The veterinary management skills you need to have

From building rapport with clients and meeting their fluffy friends, to managing finances across the practice, veterinary management is a varied role that comes with a lot of responsibilities (and rewards alike!). In this blog, our industry-leading team shares some insight into the reality of being a veterinary manager and the key skills you need to succeed.


Strong communication 

In order to ensure a smooth-running veterinary practice, clear and concise communication is a must. Talk to your team and have an awareness of what’s going on, don’t just oversee the practice – be collaborative and build relationships with your colleagues. This will help boost morale and develop a stronger workforce.



Being a good leader means listening to your colleagues, delegating tasks effectively and being prepared to overcome any unexpected challenges that may come your way. This comes down to being strategic and well organised. 


Financially savvy 

When you picture a veterinary manager, your first thought probably isn’t related to budgeting. However, being mathematically minded is actually quite important if you want to go into this profession, as you’ll be responsible for allocating budgets across the practice and choosing what equipment to invest in. 


Interpersonal skills 

Be approachable and make sure your clients and your colleagues feel comfortable coming to you with any queries. Not only will this position you as a strong leader but also build a positive work environment where everyone feels acknowledged and supported.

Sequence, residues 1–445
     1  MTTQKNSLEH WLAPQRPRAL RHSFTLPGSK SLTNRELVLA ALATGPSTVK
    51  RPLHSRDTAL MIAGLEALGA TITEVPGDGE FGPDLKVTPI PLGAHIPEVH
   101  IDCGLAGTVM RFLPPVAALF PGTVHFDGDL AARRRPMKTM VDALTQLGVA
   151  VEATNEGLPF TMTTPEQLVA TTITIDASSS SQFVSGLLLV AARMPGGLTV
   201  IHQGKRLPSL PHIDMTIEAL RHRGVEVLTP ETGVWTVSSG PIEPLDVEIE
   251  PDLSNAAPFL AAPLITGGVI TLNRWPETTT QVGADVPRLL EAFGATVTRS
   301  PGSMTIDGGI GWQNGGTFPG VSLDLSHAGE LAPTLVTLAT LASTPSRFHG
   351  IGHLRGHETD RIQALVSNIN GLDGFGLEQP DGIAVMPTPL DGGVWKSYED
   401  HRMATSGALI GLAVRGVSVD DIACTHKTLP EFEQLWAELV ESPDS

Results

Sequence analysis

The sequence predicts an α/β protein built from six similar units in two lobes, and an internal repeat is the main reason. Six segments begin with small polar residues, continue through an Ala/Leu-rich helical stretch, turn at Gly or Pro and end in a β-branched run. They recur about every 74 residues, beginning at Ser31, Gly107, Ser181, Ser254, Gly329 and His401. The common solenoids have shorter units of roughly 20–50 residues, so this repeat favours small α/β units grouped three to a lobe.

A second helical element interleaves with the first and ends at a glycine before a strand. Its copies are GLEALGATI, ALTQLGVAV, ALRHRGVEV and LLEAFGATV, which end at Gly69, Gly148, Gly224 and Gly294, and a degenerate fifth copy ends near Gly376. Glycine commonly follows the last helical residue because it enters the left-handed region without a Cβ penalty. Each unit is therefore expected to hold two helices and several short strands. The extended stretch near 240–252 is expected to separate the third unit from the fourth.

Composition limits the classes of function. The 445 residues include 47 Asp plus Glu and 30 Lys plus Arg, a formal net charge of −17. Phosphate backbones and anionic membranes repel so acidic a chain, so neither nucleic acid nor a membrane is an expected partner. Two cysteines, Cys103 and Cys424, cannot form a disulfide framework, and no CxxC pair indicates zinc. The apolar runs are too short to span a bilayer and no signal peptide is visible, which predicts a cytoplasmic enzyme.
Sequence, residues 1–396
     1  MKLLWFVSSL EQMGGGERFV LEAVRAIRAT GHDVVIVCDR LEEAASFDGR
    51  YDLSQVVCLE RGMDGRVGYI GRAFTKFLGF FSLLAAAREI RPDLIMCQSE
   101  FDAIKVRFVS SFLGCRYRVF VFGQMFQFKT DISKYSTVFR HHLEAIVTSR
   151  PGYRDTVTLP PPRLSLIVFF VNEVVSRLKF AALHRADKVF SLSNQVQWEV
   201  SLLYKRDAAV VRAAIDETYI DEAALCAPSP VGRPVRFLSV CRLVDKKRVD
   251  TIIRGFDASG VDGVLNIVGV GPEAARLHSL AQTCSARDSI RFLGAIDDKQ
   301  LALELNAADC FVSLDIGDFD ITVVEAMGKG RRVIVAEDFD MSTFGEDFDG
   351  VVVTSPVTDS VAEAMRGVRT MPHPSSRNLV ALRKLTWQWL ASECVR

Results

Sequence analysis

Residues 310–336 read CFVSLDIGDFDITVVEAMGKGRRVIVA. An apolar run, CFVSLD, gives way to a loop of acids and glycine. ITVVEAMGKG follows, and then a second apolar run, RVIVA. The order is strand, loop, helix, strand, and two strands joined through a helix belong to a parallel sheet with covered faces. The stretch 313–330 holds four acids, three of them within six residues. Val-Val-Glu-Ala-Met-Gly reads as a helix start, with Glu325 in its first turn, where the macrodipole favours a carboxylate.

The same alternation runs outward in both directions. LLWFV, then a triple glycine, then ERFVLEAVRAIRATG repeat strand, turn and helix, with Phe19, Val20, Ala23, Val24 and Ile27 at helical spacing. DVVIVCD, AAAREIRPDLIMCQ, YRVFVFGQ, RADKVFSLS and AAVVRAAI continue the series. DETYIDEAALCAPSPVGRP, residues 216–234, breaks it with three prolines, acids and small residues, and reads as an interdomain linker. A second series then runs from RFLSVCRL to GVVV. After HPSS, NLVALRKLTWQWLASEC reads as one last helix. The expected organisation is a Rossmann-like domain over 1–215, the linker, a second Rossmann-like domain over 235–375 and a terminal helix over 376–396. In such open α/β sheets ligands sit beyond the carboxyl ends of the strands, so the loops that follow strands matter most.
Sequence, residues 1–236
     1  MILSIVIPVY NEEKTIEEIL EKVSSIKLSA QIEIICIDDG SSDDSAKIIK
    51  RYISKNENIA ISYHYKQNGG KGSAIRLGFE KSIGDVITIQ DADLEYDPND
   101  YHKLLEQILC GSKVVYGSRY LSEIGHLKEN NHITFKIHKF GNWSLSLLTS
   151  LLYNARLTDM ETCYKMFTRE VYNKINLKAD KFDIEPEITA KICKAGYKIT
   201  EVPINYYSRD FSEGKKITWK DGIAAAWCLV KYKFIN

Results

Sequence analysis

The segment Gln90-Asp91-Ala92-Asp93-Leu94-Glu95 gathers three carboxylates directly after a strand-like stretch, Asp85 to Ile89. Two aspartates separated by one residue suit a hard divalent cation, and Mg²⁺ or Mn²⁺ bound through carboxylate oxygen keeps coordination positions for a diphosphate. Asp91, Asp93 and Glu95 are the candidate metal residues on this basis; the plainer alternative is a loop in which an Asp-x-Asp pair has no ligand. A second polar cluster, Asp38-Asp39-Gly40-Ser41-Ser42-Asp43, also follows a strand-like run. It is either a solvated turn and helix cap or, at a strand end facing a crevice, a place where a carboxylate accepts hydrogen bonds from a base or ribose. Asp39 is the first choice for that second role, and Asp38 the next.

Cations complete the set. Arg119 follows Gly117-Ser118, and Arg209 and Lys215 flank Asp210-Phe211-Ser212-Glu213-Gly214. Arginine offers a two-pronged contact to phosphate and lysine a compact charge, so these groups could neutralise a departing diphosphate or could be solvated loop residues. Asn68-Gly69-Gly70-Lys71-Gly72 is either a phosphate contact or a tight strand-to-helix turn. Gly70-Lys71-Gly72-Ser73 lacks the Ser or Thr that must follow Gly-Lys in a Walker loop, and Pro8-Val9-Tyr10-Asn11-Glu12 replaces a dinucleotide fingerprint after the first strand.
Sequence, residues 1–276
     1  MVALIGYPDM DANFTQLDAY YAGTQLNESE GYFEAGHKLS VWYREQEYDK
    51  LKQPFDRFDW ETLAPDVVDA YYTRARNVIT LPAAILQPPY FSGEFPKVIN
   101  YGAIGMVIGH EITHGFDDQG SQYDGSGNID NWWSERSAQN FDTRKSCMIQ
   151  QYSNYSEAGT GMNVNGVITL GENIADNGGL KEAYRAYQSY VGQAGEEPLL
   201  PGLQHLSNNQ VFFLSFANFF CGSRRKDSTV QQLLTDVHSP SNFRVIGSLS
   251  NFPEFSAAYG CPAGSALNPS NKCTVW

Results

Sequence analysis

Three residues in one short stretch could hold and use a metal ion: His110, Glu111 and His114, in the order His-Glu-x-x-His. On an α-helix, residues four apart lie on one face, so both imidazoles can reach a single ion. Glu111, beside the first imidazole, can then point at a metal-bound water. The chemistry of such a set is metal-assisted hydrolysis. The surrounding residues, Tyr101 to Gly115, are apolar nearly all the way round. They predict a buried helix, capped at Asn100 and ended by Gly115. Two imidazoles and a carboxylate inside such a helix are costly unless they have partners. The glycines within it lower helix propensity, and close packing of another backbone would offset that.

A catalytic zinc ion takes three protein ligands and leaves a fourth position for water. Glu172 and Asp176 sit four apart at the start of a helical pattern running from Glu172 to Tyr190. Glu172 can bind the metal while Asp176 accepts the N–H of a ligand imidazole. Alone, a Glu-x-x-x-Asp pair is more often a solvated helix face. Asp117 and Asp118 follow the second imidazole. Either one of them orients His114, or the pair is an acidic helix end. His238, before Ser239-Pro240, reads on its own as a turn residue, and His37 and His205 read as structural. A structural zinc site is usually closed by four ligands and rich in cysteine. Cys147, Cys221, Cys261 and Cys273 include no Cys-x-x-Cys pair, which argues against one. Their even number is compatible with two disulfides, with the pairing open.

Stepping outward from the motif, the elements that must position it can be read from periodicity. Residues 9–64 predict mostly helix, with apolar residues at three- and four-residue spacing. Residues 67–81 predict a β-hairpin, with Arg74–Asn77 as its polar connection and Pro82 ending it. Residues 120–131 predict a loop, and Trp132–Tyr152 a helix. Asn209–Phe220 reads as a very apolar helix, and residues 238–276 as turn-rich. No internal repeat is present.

When a member of your family is unwell it can be a very stressful time – and pets are, of course, no different. As a veterinary manager, it is essential that you are able to empathise with clients and hear them out about any concerns regarding their poorly pet. Through building rapport, you create an environment of trust and help reduce any anxiety the client may be experiencing. Showing empathy towards your team is also important as it will allow you to understand how each person works, where they might need support and how you can help them upskill. 



Last but not least, you’ll need to have resilience as a veterinary manager if you want to be successful. Veterinary practices can be high-pressure environments to work in, so staying calm and in control when things don’t go to plan is paramount. When the proverbial hits the fan, your team will look to you for solutions so don’t go crumbling under the pressure!

Does veterinary management sound like a good fit for you? Email our lovely team at  [email protected] or visit our jobs page today to find out more about taking the next step in your career.